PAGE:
- Politics lecturer Dr Pete Woodcock on Doncaster airport, the harm principle and the right to be stupid.
“John Stuart Mill in his defence of freedom of speech and action On Liberty famously wrote that ‘the sole end for which mankind are warranted, individually or collectively, in interfering with the liberty of action of any of their number, is self-protection… the only person for which power can be rightfully exercised over any member of a civilised community, against his will, is to prevent harm to others.’ In other words what I say might be stupid, ill thought out, offensive, in your eyes plainly wrong or against all the social and moral laws of society, but that does not mean to say that you can stop me from saying it or that I should face any penalty for saying/doing it unless someone else is harmed. You can remonstrate with me, tell me where I am wrong or tell me that you think I should shut up, as you have a right to freedom of expression as well, but you cannot punish me from saying anything unless it harms someone else. Society will be overall happier if freedom of speech is allowed to flourish than if it is curtailed.
What then of Paul Chambers, who after snow forced the closure of a South Yorkshire airport, wrote in a tweet, “Crap! Robin Hood airport is closed. You’ve got a week and a bit to get your shit together, otherwise I’m blowing the airport sky high!!” Now if this were a genuine threat, or if he were enticing violence, he deserved punishing on Mill’s dictum as this would, if carried out, have harmed people. But presumably no-one for one minute actually thought that he had the capability or desire to blow the airport sky high, otherwise he would not have simply been fined a few hundred quid in the first instance. It was a joke – and we have a right to suggest that it was a pretty unfunny one, and perhaps one which should not have been made, but the potential damage to society that comes from restricting freedom of speech is much more harmful.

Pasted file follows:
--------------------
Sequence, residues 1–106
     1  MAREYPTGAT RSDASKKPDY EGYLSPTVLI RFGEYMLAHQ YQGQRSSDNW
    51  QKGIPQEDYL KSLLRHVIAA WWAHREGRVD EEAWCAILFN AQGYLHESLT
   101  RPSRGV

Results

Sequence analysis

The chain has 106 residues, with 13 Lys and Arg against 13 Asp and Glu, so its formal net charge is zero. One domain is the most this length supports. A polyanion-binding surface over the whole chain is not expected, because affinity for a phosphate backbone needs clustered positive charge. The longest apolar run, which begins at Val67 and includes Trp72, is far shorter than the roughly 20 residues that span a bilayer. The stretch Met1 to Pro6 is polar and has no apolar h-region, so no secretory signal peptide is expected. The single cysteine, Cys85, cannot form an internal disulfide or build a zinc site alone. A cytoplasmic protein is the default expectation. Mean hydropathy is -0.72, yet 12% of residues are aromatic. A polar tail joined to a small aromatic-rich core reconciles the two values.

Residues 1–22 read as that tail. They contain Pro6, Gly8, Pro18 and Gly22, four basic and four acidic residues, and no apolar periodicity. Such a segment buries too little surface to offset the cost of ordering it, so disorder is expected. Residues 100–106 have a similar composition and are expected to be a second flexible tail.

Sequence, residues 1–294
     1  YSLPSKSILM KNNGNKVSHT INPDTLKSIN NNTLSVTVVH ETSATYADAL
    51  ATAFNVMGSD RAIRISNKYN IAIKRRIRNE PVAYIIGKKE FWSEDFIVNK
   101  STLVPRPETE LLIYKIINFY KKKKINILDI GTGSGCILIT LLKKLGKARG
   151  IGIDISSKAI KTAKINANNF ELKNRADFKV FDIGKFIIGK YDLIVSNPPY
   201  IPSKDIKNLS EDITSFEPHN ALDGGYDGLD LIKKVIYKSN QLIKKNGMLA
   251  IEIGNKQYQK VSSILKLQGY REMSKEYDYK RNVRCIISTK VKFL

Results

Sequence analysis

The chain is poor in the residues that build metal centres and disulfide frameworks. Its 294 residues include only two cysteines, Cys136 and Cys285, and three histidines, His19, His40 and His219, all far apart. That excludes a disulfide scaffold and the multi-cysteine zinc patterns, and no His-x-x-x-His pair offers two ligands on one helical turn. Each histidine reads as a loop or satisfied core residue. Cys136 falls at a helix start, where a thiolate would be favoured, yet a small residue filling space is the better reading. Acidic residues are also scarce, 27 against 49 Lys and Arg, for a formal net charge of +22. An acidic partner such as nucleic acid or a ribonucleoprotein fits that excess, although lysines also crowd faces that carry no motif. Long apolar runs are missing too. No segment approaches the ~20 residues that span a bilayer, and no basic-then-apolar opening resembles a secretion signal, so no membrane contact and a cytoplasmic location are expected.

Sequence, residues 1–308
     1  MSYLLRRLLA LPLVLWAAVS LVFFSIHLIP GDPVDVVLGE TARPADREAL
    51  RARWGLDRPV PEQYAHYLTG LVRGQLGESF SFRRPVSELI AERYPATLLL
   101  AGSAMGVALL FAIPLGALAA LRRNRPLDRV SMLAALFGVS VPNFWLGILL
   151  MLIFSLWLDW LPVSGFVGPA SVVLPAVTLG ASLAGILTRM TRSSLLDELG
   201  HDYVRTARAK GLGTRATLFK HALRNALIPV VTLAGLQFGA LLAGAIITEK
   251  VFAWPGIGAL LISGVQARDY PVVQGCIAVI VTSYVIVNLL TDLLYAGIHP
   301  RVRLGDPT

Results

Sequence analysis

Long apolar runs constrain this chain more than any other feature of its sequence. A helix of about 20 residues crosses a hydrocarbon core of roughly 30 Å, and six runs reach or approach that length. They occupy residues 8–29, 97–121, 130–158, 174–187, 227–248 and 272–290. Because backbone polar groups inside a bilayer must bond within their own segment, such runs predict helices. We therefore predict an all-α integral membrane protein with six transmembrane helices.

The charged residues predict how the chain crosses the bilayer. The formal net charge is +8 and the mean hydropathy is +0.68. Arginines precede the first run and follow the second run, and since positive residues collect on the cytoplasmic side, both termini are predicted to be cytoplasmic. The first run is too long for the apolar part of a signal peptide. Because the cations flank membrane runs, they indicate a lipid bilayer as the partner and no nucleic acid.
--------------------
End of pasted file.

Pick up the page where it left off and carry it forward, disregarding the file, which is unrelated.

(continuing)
Mill was not an out and out libertarian; he did not think we could do what we wanted, when we wanted and expect people to put up with it without comment. He did, however, think that if we wanted to take civil sanctions against someone that we had to have a very good reason for it, and being offended by something, disagreeing with it or thinking that something was irresponsible was insufficient reason. Paul Chambers, whatever we think of him, harmed no-one. In a world where blogs, status updates and tweets let us see our thoughts all the time we need to be extremely careful before engaging in any form of censorship.”
Get the full story.